The Salads You Desire

Good morning. I made a no-recipe gumbo with my turkey leftovers and the stock that emerged from them, allowed it to cure for a day, then froze four quarts of the stuff separately for use over the winter. (Easy work: a Cajun mirepoix — equal parts onion, bell pepper and celery — to which I added garlic, then a beautiful mahogany roux made from neutral oil and flour, my shredded turkey, the collagen-rich stock, some thyme and paprika.) Then I swore off turkey for a few weeks and set to work on a no-recipe recipe for dinner and probably for a couple of lunches this week: kimchi grilled cheese.

It, too, is simple cooking: a grilled cheese made as you usually make a grilled cheese, but with kimchi in the mix where some might add bacon or tomato. I liked it with Cheddar and daikon kimchi. I loved it with mozzarella and Napa cabbage kimchi. I think I might try a kimchi Reuben next. Won’t you join me?

I’d understand if not. Some are seeking respite from fats and richness in right now, before the holidays return and with them the impulse to make cookies and roasts. For them, for you, may I suggest this marinated celery salad with chickpeas and Parmesan (above)? Or this robust seaweed salad? I do enjoy a scallop salad, myself.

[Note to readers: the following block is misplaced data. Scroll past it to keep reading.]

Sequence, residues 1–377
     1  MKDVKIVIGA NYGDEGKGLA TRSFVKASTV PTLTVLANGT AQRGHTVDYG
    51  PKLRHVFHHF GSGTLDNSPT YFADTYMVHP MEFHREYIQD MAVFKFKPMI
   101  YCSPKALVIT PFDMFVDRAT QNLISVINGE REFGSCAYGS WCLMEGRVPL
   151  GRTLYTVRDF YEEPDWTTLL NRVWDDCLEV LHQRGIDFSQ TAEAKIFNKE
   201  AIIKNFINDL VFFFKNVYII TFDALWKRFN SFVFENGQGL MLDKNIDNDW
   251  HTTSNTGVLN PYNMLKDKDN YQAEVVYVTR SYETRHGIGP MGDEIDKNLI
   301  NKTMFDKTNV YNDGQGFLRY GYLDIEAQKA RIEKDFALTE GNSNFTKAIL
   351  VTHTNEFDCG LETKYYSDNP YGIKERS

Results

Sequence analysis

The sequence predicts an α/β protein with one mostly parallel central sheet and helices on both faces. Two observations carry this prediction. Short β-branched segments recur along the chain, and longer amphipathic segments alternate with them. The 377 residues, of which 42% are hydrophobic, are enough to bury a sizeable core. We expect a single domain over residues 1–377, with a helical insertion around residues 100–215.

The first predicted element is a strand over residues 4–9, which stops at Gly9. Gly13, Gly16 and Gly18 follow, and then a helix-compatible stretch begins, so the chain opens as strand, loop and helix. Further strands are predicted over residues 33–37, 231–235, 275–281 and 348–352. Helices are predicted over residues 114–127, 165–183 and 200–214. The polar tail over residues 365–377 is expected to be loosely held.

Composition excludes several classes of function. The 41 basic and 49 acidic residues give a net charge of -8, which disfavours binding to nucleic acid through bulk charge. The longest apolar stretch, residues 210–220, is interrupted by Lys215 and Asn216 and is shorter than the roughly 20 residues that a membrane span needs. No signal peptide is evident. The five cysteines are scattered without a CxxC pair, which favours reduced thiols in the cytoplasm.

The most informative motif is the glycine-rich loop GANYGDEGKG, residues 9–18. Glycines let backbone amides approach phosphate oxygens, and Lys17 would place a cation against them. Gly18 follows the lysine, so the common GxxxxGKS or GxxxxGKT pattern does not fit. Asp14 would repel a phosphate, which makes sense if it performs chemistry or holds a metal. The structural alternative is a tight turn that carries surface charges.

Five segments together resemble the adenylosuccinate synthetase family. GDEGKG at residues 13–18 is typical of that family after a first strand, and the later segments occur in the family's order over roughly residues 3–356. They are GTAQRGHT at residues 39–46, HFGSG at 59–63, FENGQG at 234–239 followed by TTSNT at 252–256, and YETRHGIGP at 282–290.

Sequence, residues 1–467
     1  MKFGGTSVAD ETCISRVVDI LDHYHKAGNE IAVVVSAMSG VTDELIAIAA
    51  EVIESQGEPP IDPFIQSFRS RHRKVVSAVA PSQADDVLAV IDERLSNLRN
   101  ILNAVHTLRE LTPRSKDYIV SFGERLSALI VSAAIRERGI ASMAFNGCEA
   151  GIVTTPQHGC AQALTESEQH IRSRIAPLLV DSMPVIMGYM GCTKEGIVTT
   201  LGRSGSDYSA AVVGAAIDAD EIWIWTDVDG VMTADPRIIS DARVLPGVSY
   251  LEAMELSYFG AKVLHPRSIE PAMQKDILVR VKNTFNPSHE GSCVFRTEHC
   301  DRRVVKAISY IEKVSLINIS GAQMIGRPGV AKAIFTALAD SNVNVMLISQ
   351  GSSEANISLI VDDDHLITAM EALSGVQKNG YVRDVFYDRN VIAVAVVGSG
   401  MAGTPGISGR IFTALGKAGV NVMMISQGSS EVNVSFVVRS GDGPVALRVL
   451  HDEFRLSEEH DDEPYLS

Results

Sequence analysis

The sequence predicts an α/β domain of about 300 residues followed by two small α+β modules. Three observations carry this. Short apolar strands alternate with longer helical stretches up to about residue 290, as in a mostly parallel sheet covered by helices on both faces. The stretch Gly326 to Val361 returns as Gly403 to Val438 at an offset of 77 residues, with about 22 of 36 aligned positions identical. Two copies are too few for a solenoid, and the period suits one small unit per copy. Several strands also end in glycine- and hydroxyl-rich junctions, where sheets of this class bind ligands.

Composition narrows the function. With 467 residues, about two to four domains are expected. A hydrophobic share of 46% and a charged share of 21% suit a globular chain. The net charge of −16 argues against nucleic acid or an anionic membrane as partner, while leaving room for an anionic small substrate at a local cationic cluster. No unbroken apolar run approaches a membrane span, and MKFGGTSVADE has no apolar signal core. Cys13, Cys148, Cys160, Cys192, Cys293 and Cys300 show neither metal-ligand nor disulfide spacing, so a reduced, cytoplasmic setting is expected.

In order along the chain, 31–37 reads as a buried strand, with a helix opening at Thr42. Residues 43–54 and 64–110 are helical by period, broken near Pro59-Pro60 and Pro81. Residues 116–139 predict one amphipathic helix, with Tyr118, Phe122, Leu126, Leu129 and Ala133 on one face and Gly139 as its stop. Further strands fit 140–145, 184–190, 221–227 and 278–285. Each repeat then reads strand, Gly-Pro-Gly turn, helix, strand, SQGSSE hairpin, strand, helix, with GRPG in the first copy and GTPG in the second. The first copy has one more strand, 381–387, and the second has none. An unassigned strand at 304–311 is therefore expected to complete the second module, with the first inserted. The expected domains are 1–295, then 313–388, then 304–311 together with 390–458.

Three-cup chicken might be a good play this week. Likewise, three-cup vegetables. I love this Melissa Clark recipe for sheet-pan crisp tofu with sweet potatoes. Also, this Pierre Franey one for linguine with lemon sauce. And holy cannoli, this ginger-cauliflower soup from Yewande Komolafe? It is luxuriously creamy, though it contains no cream at all. Serve as she suggests, with buttered toast.

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Now, it’s nothing to do with crisp greens and silky vinaigrettes, and I’m late to it to boot, but if you haven’t read James McBride’s “Deacon King Kong” yet, that’s a task you should undertake immediately.

While you’re at it, you should read Michael Adno on the strange market for palmetto berries in Florida, in The Guardian.

I’ve found so much interesting stuff in Sasha Frere-Jones’s newsletter, including this recording of Patti Smith’s first public performance, on Feb. 10, 1971, at St. Mark’s Church in Manhattan.

Finally, absolutely, read Kelefa Sanneh in The New Yorker, on Saturday night’s fight between Mike Tyson and Roy Jones Jr. (“Like two of my uncles fighting at the barbecue,” Snoop Dogg observed.) I’ll be back on Friday.

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